Our gross body can be looked upon as the first port of entry into all the deeper layers finally leading us to our core which is our soul. It is our responsibility to take good care of this sheath, keep it healthy, clean and free of impurities so we can gain an easy access to the inner layers. We can achieve this goal by practicing the hatha yoga techniques of asana (physical postures), cleansing kriyas, proper diet and relaxation on a regular basis. It is important to remember that while practicing the asanas we need to be fully aware of the impact of each posture on every part of the body. This awareness will prevent any injury that we might cause due to negligence or competitiveness/overzealousness that might drive us to strive for something beyond our body"s innate ability. The body awareness also helps us make a connection with the deeper layers that will be discussed below.

Pranamaya Kosha (Vital Energy Sheath)

In order for the Annamaya Kosha to function it needs to be energized and sustained by the vital prana available via the pranamaya kosha, the energy sheath. If the energy sheath is absent the physical body will disintegrate and merge back into its five elements mentioned above. The pranamaya kosha can be looked upon as being responsible for all the physiological functions in the body " breathing, blood circulation, digestion, heart beat, all hormonal functions, communication between the brain and the cells of the body etc. This kosha is further subdivided into five pranas briefly described below:

  1. Prana: has an upward movement and is responsible for all inputs into the body " food, fluids, air, sensory inputs and mental impressions
  2. Apana: has a downward movement and is responsible for all forms of elimination and reproduction functions – stool and the urine, the expelling of semen, menstrual fluid and the fetus, and the elimination of carbon dioxide through the breath
  3. Udana: has an upward movement and is responsible for growth of the body, the ability to stand, speech, effort, enthusiasm and will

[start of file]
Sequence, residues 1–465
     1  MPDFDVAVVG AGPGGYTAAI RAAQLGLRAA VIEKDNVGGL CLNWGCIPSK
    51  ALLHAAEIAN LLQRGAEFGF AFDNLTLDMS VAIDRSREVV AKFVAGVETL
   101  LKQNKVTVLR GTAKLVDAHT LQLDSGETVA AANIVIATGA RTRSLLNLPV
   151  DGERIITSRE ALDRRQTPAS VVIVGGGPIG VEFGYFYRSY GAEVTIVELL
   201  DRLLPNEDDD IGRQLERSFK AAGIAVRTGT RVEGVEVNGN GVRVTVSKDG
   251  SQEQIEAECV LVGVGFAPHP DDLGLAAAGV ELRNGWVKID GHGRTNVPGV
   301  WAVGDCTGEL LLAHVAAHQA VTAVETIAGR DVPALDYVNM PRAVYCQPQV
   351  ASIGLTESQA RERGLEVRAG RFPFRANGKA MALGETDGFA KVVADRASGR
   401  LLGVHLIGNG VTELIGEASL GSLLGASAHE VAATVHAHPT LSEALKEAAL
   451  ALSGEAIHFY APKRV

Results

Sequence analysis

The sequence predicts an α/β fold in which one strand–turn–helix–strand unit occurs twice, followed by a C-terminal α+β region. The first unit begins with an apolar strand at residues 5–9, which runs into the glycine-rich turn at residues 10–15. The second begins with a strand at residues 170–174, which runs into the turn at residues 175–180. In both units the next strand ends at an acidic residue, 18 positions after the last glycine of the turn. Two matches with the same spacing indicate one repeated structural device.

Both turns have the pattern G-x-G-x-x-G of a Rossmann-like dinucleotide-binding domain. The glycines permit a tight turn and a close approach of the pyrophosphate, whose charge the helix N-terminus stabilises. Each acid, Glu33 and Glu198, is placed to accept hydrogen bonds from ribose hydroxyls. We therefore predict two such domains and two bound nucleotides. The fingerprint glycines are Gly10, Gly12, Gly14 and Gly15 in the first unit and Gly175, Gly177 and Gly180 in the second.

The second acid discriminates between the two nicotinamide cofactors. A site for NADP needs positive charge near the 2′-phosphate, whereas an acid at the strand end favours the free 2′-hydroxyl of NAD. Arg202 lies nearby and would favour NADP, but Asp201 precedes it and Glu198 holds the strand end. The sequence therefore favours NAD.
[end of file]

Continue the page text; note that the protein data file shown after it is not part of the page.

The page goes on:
4. Samana: has an inward movement " moving inward from the periphery and works in the gastrointestinal tract to digest food, in the lungs to digest air or absorb oxygen, and in the mind to homogenize and digest experiences, whether sensory, emotional or mental
  5. Vyana: moves from the center to the periphery. It governs circulation on all levels. It moves the food, water, blood and oxygen throughout the body, and keeps our emotions and thoughts circulating in the mind. In doing so it assists all the other Pranas in their work.

The major Hatha Yoga practice that is used to energize and vitalize the pranamaya kosha is pranayama. Pranayama techniques involve controlling the breath in various ways. A description of some of the simple pranayama techniques is available here.

Manomaya Kosha (Mind sheath)

Pranamaya kosha, described above, is directly influenced by our mind. When we are agitated, stressed or angry our breathing is fast, shallow and irregular. When we are calm and peaceful, our breathing is correspondingly soft and regular. In our scriptures, the mind is usually described as a part of the "antahakarana" (the inner instrument " the senses being the external instrument). The other major part of this antahakarana is the intellect which we will talk about next. Mind is responsible for our cognitive abilities, receiving input from the five senses, communicating with the intellect and directing our actions. Thoughts, emotions, feelings, memories are all a part of the mind. Every thought has a great inherent power; it affects our physiology, moods, physical body, responses, work efficiency, relationships and even wisdom. The modern day epidemic problem of stress is basically a problem at the level of mind, wherein a great negative emotion has been allowed to build up without giving it a vent.